ANTIHERO: Speaking of the old school, how would you compare the scene when you were starting out with now?

Inferno: I would say, of course, some things change, especially the status of music generally changes a lot because nowadays music is not that worthy anymore. I have thoughts about that because the kids are just listening to music on YouTube. After three seconds, they skip to the next. In the past, you bought an album with your money and listened to it again and again for weeks. There wasn’t another way of listening. This changes a lot. Talking about the scene in general, I would say, nowadays for me, it seems it’s normal to listen to ‘70s Rock and Polish Black Metal together. That’s no problem. In the past, the scenes were more separated. Today, it’s normal that everybody has a wide spectrum of Heavy Metal genres to listen to. I think it’s cool. On the other hand, sometimes I miss the old school days when the Thrash Metal guys were beating the Hardcore guys (laughs). There were really some fights going on because of music. It’s really as stupid as religion, but sometimes it was fun (laughs).

ANTIHERO: I saw some crazy fights back in the day, but nothing compared to some of my friends’ stories seeing D.R.I. or Carnivore.

Inferno: I think it was a total different time back then. There was a lot of fighting against each other going on.

ANTIHERO: What do you think distinguishes German Thrash from American Thrash?

Inferno: I think if you compare the old bands with each other, the German bands had a little bit more evil intent. Bonded by Blood by Exodus is a great album and Paul Baloff is singing about Satan and stuff like that, but I think a band like Destruction or Sodom or even Kreator on the first one, they had more evil feeling in the riffs, you know. This is only taking place I think in Slayer, of course, in American bands, but the rest of the Bay Area bands were more fun-oriented. I think most of the German Thrash bands, they had more kind of Satanic and evil concepts back then. Of course, they wanted to get rid of that image at the end of the ‘80s. I remember Tom Angelripper was saying live at the gigs, “We are not a Satanic band anymore. We now play songs about war.” It was really a bad thing to be Satanic. We hated it. We wanted to have the old style and that’s why Desaster was always walking around with bullet belts and we had lyrics about the devil, of course in the past. I think that’s the main difference between those scenes.

ANTIHERO: Do you think that might be because of the bigger influence Venom had in Europe?

Inferno: Perhaps. Of course, Venom also toured America. I have the great video Venom, Slayer, Exodus. They played at Studio 55. It’s such a fucking great video. Perhaps it’s because Venom has a big influence on all the European bands. I can imagine also Slayer were Venom fans!

ANTIHERO: I’ve always heard a lot of Show No Mercy in Desaster which has always been my favorite Slayer record. I almost wish they had stayed on that path.

Inferno: That would be great, yes (laughs). That would really be great. Of course, I also love the Hell Awaits album which is much more progressive. Of course, like everybody, I love the Reign in Blood album, which for me is still the most aggressive album with the most aggressive sound of all time. Show No Mercy has the more Heavy Metal feeling. You can hear Slayer were inspired by old Heavy Metal bands. If I had to choose the best Slayer album, I’d choose the Reign in Blood album because it was the first album I listened to. I started with Metal in ’86 and the album came out that year. Every old Slayer album is a milestone.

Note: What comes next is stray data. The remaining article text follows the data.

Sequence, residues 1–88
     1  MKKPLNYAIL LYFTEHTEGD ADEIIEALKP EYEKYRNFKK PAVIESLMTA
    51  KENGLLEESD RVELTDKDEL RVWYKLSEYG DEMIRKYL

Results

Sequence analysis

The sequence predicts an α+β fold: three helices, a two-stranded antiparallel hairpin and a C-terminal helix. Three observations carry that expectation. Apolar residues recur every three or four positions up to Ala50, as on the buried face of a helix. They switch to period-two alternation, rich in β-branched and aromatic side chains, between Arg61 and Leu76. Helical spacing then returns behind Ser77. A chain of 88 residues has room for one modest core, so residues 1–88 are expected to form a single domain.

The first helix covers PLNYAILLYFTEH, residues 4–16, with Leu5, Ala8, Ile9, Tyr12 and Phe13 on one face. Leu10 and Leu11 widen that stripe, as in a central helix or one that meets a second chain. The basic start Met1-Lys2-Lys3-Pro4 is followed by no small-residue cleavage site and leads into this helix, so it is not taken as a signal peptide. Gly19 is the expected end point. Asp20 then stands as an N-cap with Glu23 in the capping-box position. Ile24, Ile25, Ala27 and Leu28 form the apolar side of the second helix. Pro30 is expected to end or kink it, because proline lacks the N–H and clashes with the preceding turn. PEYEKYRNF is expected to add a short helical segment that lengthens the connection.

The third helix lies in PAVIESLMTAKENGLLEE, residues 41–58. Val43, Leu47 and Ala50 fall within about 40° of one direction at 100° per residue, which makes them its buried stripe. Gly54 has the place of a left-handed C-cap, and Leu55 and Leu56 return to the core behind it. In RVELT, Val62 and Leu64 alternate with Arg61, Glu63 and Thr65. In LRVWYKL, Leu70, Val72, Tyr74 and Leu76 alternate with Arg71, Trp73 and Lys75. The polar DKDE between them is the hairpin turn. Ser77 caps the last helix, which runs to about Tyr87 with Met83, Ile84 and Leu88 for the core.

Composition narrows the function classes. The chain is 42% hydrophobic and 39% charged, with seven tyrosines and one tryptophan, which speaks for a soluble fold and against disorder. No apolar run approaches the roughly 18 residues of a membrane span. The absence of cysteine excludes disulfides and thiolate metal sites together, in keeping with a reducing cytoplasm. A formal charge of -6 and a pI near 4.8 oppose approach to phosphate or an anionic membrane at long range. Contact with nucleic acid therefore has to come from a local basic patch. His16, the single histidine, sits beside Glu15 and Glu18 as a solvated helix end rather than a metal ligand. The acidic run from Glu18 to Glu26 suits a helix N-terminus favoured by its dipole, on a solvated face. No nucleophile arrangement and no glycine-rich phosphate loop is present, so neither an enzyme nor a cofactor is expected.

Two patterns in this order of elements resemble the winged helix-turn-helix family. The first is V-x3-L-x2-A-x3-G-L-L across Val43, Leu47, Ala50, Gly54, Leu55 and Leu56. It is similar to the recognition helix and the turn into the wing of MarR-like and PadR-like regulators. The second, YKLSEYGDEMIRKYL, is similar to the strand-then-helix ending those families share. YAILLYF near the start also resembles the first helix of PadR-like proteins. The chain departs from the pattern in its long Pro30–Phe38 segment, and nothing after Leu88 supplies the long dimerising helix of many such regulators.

ANTIHERO: Yeah, especially Show No Mercy through Seasons in the Abyss. Those albums can’t be topped.

Inferno: Yes, after that, honestly, there is nothing good coming from Slayer anymore after Seasons in the Abyss.

ANTIHERO: How are things in Germany with the pandemic right now?

Inferno: We have very strict rules. It’s really annoying, you know. We see, for example, Great Britain is opening the bars again outside you can drink beer. Also, our Dutch neighbors are opening. You can sit outside and eat. It’s still forbidden in Germany. Also, concerts are far away. The next concert is in August, but I don’t think that it can take place in Germany. The Germans are very afraid all the time. We always fear something. The bureaucrats are very big in Germany and they want to make rules over everything. The vaccine is so slow in Germany because of all the bureaucracy. It’s a real pity.

ANTIHERO: That’s crazy. Over here, they say there are more vaccines than people signing up to get them.

Inferno: Yeah, I heard that we could have a vaccine from you now so that’s cool. Thank you.

ANTIHERO: I was going to ask about the festivals. I know that is so intrinsic to the scene over there.

Inferno: There are plans. Some big festivals want to take place with a concept, but I really doubt they could do that. It’s really annoying, but we can’t do anything against it. Of course, there is a virus going around killing old people. If my parents were alive, I’d be afraid for them. We are Blackened Death Metal fans. We don’t have any fear of this virus (laughs). Don’t tell anybody, but we also broke a lot of rules recording the new Desaster album (laughs).

ANTIHERO: Oh no, you were less than six feet apart? (laughs) One thing I wanted to ask you about. It ties into an interview I did recently that I did with Alex Webster from Cannibal Corpse. I didn’t realize that when they play in Germany that they aren’t allowed to play quite a few of their songs.

Inferno: Yeah, that was really in the media in Germany. There was one feminist political woman that was so upset about the lyrics and covers of Cannibal Corpse that she launched a real revolution against them. They were really not allowed to play some songs. That’s so stupid. We are proud to be a country where free speech is allowed. Shit like this going on is not good.

ANTIHERO: Is that something you guys have encountered?

Inferno: No. We are lucky that we are a little band, you know. We are not too important, so we are glad that nobody has restrictions against us.